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Background 17

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Sample DEA Analysis 18

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Data Envelopment Analysis (DEA) Data Entities = DMUs (n DMUs) Comparison of DMUs Inputs and outputs (m inputs, s outputs) Results Efficiency score between 0 and 1 Reference sets Projections 19

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Basic DEA Models 20

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Basic DEA Models CRR-Input model CRR-Output model 21

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Basic DEA Models BCC-Input model BCC-Output model 22

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Basic DEA Models 23

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Analyzing the solutions of DEA through information visualization and data mining techniques: SmartDEA Framework Alp Eren Akcay, Gürdal Ertek, Gulcin Buyukozkan Gurdal Ertek 24

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Research Questions How can Data Envelopment Analysis (DEA) results be structured such that they can be analyzed using readily available data mining techniques and software tools? (SmartDEA) How can DEA & information visualization be used together? Which visualization techniques are appropriate for analyzing DEA results? How can DEA and data mining be integrated with the results of other data mining techniques, specifically association mining results? 25

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Goal To build a framework for making analytical benchmarking and performance evaluations To design and develop a convenient DEA software, SmartDEA 26

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Contribution To develop a general framework To help DEA analysts to generate important and interesting insights systematically To integrate the results for information visualization techniques 27

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Framework Integration of DEA results with data mining and information visualization 28

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Proposed framework 1.integrates data mining and information visualization with DEA, 2.generates clean data for mining (data auditing at the DEA modeling stage), 3.allows the incorporation of other data into the process, 4.can accommodate multiple DEA models within same analysis. 29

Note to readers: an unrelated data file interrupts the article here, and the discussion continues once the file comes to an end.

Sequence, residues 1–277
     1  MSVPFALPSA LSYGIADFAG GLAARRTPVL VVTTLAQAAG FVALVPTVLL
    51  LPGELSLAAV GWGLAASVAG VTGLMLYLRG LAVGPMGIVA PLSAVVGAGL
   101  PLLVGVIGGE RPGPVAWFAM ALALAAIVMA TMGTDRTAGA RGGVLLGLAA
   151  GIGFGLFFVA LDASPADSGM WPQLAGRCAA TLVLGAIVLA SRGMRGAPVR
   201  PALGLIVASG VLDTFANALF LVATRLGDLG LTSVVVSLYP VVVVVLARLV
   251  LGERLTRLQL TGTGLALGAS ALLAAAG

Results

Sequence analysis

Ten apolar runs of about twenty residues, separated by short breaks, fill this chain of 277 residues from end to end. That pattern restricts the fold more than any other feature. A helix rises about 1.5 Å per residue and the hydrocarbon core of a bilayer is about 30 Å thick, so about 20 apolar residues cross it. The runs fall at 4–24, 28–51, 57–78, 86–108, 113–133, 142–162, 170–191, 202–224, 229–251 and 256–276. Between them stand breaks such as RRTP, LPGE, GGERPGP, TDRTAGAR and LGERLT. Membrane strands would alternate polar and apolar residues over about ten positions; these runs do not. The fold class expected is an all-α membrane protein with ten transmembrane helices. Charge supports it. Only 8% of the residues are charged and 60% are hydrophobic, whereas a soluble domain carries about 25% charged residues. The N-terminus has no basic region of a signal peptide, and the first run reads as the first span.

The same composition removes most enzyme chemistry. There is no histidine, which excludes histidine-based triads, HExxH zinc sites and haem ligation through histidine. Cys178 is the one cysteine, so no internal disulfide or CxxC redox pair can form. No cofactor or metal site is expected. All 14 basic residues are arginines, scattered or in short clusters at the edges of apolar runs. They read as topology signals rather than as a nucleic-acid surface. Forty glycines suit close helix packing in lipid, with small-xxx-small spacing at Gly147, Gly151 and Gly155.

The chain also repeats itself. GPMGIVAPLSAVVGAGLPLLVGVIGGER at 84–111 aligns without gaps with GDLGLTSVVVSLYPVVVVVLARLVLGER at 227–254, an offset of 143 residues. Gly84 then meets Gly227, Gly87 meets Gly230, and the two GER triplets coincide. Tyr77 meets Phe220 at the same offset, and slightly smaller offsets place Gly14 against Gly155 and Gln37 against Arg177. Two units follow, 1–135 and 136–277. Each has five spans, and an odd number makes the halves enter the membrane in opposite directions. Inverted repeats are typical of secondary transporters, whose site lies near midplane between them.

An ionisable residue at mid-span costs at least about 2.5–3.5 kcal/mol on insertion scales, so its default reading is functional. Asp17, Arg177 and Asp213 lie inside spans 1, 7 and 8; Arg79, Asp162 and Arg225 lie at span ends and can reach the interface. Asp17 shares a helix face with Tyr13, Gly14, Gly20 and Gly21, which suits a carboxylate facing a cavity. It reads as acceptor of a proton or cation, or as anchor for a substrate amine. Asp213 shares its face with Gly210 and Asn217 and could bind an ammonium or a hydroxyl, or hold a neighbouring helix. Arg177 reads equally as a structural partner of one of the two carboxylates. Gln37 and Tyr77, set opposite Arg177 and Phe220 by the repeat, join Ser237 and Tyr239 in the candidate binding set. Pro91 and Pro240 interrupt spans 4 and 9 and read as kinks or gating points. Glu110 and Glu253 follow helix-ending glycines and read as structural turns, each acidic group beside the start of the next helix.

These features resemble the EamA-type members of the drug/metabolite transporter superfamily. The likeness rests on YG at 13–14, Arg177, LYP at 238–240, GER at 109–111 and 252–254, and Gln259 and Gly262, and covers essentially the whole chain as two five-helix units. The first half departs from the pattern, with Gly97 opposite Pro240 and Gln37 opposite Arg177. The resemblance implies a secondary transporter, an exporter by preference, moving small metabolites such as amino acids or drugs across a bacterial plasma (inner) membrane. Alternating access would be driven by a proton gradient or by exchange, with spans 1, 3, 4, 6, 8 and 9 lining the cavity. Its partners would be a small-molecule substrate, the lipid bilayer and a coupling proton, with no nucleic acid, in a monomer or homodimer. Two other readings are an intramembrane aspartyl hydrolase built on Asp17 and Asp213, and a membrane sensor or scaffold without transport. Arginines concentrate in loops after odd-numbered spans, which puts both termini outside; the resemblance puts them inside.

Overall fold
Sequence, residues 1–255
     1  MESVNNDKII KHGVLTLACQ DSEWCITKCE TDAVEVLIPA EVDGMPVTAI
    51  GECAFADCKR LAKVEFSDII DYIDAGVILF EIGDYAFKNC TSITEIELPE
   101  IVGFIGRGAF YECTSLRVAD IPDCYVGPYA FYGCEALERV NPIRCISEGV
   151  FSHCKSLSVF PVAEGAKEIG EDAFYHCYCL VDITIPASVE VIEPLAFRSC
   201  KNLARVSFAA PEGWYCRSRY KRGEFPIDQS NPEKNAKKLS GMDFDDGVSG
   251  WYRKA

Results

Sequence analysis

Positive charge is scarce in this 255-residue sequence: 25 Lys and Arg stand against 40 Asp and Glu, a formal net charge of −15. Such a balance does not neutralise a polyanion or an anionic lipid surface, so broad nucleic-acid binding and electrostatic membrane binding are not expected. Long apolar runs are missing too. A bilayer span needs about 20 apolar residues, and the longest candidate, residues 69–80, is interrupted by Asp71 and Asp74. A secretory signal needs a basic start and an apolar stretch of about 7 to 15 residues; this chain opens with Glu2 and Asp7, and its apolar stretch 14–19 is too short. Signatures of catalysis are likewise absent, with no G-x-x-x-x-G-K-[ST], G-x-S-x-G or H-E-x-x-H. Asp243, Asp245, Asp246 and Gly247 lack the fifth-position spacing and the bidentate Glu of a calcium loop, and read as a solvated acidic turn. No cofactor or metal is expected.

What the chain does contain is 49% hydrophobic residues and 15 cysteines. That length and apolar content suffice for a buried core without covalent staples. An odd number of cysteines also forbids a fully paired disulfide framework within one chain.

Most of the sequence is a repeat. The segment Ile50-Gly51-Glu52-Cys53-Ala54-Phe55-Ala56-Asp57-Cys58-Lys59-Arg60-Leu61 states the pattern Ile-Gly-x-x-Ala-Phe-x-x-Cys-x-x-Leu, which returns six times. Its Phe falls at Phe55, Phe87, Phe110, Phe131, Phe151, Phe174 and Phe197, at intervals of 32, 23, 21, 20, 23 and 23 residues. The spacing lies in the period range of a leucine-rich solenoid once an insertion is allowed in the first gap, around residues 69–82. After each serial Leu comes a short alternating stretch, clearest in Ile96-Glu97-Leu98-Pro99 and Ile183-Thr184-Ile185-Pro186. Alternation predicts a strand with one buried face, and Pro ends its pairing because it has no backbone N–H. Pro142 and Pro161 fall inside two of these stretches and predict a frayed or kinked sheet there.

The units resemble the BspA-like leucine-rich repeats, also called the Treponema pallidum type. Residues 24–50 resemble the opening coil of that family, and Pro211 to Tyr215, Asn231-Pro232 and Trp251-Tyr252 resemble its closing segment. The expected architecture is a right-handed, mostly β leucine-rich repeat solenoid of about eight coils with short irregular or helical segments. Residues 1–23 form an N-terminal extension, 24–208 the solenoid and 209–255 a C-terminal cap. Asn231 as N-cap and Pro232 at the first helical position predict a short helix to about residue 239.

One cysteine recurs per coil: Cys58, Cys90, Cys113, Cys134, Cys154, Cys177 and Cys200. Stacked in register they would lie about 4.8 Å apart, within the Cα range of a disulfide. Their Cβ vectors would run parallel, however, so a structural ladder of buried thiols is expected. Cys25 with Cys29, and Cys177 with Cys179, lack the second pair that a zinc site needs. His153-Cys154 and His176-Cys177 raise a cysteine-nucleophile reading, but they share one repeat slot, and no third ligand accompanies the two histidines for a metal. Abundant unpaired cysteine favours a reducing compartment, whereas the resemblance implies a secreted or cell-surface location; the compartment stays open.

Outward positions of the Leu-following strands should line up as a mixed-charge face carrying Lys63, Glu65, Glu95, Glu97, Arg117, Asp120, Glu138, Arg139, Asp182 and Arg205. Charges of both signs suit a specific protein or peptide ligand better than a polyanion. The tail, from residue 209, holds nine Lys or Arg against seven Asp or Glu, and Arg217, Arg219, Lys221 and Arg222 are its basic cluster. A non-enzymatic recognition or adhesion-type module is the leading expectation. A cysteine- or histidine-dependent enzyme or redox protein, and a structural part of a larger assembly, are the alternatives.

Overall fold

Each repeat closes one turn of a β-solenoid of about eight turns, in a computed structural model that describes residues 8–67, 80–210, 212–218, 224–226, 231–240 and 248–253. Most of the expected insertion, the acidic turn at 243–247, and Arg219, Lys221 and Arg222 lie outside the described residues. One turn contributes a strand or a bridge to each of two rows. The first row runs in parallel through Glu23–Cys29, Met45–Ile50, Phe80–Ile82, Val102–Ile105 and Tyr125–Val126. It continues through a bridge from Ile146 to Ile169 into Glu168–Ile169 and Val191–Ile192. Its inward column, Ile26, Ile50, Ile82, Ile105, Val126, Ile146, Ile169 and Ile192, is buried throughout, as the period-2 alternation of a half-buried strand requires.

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Notation 30

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SmartDEA: the developed software 39

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Modeling Process C# language Results in file format of MS Excel Imported data requires a certain format 40

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Modeling Process 1- Importing Excel File: – Data requires a certain format 41

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Modeling Process 2- Selecting the spreadsheet: 42

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Modeling Process 3- Constructing the model: 43

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Modeling Process 4-Selecting the DEA Model: 44

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Modeling Process 5- Solving and generating the solution file: 45

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Case Study 1: Integrating DEA with Information Visualization for Benchmarking Dealers in the Automotive Industry Dr. Gürdal Ertek, Tuna Çaprak

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Research Questions How can Data Envelopment Analysis (DEA) results be structured such that they can be analyzed using readily available data mining techniques and software tools? How can DEA & information visualization be used together? (Case Study 1) Which visualization techniques are appropriate for analyzing DEA results? How can DEA and data mining be integrated with the results of other data mining techniques, specifically association mining results? 48